David Jones, artist and poet (1895-1974) begins his PREFACE TO THE ANATHEMATA :

'I have made a heap of all that I could find.' (1) So wrote Nennius, or whoever composed the introductory matter to Historia Brittonum. He speaks of an 'inward wound' which was caused by the fear that certain things dear to him 'should be like smoke dissipated'. Further, he says, 'not trusting my own learning, which is none at all, but partly from writings and monuments of the ancient inhabitants of Britain, partly from the annals of the Romans and the chronicles of the sacred fathers, Isidore, Hieronymous, Prosper, Eusebius and from the histories of the Scots and Saxons although our enemies . . . I have lispingly put together this . . . about past transactions, that [this material] might not be trodden under foot'. (2)

(1) The actual words are coacervavi omne quod inveni, and occur in Prologue 2 to the Historia.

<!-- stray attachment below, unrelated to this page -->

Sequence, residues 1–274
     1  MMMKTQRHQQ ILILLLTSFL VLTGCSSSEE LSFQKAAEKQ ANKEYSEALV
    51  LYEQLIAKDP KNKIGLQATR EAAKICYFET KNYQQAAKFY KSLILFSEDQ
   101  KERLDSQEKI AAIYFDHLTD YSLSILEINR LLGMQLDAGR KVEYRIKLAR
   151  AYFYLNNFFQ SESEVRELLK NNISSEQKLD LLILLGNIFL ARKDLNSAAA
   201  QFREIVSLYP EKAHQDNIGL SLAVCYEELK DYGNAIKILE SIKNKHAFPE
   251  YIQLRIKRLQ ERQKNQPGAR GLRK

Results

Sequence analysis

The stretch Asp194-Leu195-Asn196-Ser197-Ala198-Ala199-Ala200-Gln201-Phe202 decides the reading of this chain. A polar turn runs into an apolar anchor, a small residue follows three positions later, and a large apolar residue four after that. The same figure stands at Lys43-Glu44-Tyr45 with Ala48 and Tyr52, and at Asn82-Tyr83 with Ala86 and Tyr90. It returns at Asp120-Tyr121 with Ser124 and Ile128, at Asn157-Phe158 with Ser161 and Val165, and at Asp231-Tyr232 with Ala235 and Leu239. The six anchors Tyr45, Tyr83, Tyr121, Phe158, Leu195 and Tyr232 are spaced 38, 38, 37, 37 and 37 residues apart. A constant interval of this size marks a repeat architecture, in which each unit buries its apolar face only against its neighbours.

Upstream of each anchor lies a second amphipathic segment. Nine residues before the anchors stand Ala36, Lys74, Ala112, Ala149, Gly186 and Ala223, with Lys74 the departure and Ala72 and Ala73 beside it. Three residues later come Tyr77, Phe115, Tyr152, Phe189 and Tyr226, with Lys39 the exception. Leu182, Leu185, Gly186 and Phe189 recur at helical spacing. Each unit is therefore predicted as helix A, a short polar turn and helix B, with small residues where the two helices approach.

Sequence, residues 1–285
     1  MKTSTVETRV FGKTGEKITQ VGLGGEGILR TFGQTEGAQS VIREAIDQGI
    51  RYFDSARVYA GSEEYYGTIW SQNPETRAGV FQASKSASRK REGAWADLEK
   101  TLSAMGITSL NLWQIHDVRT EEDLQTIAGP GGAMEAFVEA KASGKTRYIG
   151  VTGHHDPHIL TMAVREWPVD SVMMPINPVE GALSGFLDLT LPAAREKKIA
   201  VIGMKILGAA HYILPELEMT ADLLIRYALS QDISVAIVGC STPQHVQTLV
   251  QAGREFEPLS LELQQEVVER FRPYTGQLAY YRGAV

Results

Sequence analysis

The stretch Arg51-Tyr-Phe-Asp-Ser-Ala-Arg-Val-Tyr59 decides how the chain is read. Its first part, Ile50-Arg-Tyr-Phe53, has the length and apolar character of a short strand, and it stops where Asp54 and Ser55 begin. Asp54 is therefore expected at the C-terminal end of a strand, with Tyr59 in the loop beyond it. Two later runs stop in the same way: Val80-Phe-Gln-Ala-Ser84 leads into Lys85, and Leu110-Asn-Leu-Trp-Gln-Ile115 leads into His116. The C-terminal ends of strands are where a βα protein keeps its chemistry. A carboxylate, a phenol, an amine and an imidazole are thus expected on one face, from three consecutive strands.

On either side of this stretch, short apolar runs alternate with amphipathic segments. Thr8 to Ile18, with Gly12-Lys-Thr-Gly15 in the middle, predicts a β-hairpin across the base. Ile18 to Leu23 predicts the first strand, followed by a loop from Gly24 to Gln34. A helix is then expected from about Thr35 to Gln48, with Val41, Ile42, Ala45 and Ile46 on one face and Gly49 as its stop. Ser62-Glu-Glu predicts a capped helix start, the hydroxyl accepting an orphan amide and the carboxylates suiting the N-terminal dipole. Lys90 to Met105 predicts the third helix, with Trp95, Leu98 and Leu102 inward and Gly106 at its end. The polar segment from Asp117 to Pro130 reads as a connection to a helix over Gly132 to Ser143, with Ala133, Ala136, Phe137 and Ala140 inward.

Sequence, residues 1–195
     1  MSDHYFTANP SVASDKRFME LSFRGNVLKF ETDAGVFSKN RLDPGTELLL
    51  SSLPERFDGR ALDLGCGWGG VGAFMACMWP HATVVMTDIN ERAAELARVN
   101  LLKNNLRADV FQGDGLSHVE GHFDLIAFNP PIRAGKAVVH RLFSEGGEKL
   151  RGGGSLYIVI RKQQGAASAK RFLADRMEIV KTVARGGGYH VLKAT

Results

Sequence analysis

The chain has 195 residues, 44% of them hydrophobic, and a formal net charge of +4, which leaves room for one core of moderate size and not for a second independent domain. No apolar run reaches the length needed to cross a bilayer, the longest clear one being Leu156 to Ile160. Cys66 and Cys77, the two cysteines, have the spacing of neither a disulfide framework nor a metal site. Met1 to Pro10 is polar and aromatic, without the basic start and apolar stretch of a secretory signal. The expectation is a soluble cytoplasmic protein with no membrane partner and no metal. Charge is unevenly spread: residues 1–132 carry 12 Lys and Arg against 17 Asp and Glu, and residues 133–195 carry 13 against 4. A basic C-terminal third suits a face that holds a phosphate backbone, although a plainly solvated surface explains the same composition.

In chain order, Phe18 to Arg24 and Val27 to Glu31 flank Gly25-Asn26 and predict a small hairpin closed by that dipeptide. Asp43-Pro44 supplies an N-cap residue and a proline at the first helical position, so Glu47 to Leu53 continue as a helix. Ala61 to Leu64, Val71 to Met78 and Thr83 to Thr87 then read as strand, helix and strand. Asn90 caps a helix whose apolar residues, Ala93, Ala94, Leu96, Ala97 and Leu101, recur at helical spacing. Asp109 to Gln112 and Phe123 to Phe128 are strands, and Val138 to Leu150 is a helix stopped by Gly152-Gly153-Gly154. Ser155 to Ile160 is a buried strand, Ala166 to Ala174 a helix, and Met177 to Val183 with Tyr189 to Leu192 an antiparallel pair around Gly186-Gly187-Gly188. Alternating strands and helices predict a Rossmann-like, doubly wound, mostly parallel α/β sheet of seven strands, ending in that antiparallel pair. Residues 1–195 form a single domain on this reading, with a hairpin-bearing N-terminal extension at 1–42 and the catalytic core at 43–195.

(2) Quoted from the translation of Prologue 1. See The Works of Gildas and Nennius, J.A.Giles, London 1841.

08 December 2008

The Actor of Looking : regarding theorin, the act of looking & some unwritten thoughts on theoria


These images are scanned from this weekend's Review section of The Weekend Australian; from the article TIME OUT by Christopher Allen.

The paper edition presents the image as a diptych, spread and divided across the fold between pages. The online version shows only the left side of the scene, thus omitting the focus of these formal onlookers - The Actor of Looking.

bLOGOS/HA HA does not know if The Golden Guillotine had any involvement with this particular tableau and promotion. Suffice to say, it bears all the signs.